Wednesday, January 21, 2009

Sewn Lap Quilts

One of our group has made machine sewn lap blankets. This is an option for those who can't knit or crochet, whose hands are sore and tired or who would like to try something new. It is a great way to use up that stash of fabric. Our patients, especially the men, love these blankets.

Our Inspiration

Jane's friend, Brenda Christmas, was the inspiration for formation of this group. Although Brenda didn't knit or crochet, she could sew just about anything and was an amazing crafter. Brenda was diagnosed with colon cancer in 2006 and Jane made a couple hats for her. She loved them and suggested that all patients should have such lovely hats. That inspired the formation of this group. Many hats were made while accommpanying Brenda for her treatments. Brenda died from her cancer in June, 2008. Her generosity and love has continued to inspire this group.

Our Pritzker Forefront Stitchers

A group of students at the University of Chicago Pritzker Medical School has organized to join us. They are registering as an official student group with Jane as their faculty adviser. They will make things with us. They will be an important part of our distribution - taking things to patients. Not only is this good for patients, but it is good for young medical students to have direct interactions with hospitalized patients.

FAQ- Do We Teach?

Many people want to help us but don't know how to knit or crochet. We are asked if we can give lessons. Since we all have full time jobs, that isn't possible. We refer people to the various knitting stores in and around Chicago where lessons are given. Many people can teach themselves from YouTube or on line lessons. Baby blankets and rectangular shawls can be made with a basic knowledge. Caps and more complicated patterns require an ability to read patterns and facility with various stitches. Mastectomy prosthesis require ability to work with small double pointed needles (if you can do socks, you can do these) Once you have an appropriate skill level, we are happy to help you. And occasionally we will do workshops outside of work to teach a particular pattern or skill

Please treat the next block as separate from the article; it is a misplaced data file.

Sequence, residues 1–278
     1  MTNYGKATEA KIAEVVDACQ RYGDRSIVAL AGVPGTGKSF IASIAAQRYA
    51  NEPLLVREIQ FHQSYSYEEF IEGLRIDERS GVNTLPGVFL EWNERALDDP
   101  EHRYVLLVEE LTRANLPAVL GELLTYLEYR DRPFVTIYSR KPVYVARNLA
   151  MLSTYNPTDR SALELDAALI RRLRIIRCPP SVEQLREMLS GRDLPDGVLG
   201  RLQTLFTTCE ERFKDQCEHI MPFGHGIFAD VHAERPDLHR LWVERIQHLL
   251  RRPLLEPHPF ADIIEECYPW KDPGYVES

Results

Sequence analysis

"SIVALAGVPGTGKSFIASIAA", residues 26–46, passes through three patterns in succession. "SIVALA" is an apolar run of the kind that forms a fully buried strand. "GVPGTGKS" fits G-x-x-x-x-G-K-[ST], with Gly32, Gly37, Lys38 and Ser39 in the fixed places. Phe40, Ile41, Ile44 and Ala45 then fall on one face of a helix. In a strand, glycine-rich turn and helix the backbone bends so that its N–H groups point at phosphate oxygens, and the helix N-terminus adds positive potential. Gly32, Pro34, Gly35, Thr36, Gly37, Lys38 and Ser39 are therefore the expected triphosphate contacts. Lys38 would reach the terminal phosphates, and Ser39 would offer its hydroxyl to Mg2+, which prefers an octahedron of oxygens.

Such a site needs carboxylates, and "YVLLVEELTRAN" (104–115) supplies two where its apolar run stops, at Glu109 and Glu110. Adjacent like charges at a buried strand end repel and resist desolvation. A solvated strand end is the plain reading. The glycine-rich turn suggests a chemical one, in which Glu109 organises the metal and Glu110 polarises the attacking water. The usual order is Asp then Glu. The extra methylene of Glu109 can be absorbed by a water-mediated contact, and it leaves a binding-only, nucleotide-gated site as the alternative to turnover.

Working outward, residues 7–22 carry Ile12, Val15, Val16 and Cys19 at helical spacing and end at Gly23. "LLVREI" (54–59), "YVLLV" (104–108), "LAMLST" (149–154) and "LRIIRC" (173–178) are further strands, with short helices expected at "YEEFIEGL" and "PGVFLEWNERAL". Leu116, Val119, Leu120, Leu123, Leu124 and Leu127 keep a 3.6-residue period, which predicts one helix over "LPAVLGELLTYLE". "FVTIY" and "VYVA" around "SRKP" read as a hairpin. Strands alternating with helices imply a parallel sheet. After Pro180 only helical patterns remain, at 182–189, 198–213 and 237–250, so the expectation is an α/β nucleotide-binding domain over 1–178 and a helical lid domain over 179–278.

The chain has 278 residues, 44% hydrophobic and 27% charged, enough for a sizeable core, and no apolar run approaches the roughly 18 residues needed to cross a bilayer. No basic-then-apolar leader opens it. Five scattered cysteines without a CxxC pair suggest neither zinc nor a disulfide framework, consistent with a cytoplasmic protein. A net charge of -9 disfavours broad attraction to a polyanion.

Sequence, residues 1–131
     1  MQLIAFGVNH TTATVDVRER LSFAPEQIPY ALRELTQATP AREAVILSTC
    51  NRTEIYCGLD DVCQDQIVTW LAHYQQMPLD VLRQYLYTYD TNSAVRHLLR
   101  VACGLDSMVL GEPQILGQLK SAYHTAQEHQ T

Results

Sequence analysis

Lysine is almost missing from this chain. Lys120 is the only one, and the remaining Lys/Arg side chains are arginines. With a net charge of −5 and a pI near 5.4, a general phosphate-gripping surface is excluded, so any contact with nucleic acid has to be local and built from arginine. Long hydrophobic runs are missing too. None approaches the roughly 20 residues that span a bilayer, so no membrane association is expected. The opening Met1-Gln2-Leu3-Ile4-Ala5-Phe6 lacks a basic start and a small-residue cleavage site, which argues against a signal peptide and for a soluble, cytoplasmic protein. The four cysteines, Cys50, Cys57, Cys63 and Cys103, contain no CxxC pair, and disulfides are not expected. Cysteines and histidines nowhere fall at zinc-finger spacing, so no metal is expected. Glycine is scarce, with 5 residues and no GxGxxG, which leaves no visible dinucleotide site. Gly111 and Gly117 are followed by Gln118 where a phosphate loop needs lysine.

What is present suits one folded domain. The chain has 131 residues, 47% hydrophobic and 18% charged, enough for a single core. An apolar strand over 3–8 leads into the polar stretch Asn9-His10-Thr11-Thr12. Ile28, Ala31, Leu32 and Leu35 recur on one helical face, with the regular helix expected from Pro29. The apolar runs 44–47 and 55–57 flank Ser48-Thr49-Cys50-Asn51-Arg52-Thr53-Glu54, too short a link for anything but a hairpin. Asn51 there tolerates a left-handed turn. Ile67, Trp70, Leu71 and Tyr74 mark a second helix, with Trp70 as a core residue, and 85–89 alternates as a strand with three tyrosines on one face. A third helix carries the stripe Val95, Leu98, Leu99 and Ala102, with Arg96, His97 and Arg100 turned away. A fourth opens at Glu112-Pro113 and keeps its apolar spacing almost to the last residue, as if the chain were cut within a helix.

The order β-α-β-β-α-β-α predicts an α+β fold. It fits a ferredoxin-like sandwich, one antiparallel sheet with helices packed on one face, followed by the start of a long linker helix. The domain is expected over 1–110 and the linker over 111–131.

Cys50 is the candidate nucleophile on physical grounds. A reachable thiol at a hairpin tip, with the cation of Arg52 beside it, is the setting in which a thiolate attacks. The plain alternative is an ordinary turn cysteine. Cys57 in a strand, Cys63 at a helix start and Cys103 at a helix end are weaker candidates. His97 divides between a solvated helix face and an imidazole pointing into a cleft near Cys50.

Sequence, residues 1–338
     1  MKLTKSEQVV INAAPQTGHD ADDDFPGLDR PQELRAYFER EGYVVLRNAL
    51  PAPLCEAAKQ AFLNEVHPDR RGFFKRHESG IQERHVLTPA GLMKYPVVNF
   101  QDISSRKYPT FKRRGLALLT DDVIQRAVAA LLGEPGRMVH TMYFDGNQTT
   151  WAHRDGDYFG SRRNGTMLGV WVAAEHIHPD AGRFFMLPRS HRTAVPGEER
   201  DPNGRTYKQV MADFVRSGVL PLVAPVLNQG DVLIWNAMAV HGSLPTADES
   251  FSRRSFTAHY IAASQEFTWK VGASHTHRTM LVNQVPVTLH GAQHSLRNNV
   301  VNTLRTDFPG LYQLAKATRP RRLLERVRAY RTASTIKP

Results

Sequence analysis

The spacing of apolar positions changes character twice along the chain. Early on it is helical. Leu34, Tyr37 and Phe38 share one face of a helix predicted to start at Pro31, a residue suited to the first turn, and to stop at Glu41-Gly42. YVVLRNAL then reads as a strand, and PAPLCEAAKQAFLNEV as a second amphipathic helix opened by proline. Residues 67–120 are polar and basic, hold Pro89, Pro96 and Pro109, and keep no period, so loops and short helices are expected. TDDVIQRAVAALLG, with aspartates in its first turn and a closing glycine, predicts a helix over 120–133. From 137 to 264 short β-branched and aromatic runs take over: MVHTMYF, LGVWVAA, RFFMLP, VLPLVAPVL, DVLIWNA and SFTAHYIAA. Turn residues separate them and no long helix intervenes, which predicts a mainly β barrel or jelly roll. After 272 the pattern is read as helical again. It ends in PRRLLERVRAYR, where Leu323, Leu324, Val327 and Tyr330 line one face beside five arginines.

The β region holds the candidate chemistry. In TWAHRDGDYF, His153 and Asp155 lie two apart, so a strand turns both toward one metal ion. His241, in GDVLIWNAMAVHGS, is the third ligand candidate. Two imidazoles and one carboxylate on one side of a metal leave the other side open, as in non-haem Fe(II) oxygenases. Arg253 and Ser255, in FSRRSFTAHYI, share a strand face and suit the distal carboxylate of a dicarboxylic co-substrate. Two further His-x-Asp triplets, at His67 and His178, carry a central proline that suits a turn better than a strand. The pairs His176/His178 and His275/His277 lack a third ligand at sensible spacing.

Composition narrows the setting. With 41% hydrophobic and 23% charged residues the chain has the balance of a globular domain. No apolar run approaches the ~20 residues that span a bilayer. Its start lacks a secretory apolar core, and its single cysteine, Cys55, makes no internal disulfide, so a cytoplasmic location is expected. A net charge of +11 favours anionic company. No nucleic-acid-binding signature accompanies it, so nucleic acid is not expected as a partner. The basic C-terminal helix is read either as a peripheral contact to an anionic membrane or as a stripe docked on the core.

Loopy Yarns on Polk Street in Dearborn Stationis is a fvaorite of Jane's, they have lots of classes, wonderful yarns and host a lot of open knitting events.

Knitwerks 1934 S Wabash Ave
Chicago, IL 60616
Phone: (312) 949-9276
URL: is closer to Hyde Park - Jane hasn't been there yet but has heard wonderful things about it.

Mastectomy Prosthesis

These are known as tit bits or knit knockers. The knitting pattern can be found here

A collaborative in Maine has a lot of information about this project

This is a new project for the FFS in January, 2009 and we are working with the breast surgery team to decide the best way to get these to patients, so stay tuned.

The picture here is the first one made by Jane. It is very soft, breathable and the size can be adjusted by adding or subtracting the soft stuffing.


The FFStitchers meet once a month at noon on the second Friday of the month in A 114 of the Medical Center. This meeting is open only to members of the University of Chicago community.

The FFStitchers meet occasionally after work for workshops and social events. Details of such events will be sent to our listserv. To get on the listserv, send your email and a request to

About the University of Chicago Medical Center

The University of Chicago Medical Center, established in 1927, is one of the nation's leading academic medical institutions. It consists of the renowned Pritzker School of Medicine; Bernard Mitchell Hospital, the primary adult patient care facility; Comer Children's Hospital, devoted to the medical needs of children; Chicago Lying-in Hospital, a maternity and women's hospital; and the Duchossois Center for Advanced Medicine, a state-of-the-art ambulatory-care facility with the full spectrum of preventive, diagnostic, and treatment functions. Care is provided by more than 700 attending physicians - most of whom are full-time University faculty members - 620 residents and fellows, more than 1,000 nurses and 9,500 employees.
The Medical Center is consistently recognized as a leading provider of complex medical care. It is the only Illinois hospital ever to make the U.S.News & World Report Honor Roll, with eight clinical specialties--digestive disorders; cancer; endocrinology; neurology and neurosurgery; heart and heart surgery; kidney disease; geriatrics; and ear, nose and throat--ranked among the top 30 programs nationwide. The Medical Center was awarded Magnet status in 2007, the highest level of recognition for nursing care.

Patterns and Ideas - general sources

There are many free pattern sites on line.

Join Ravelry - they have lots of patterns that are free. And it's a great place to find people with interests similar to yours, who happen to knit or crochet. It also has great tips for things - like how to remove smells from old yarn..

Other great free pattern sites: - this site has a great collection of crochet patterns. Under their “flower” section, they have many flower patterns which are easy to make and look wonderful on hats. You can also embellish hats with buttons or beads.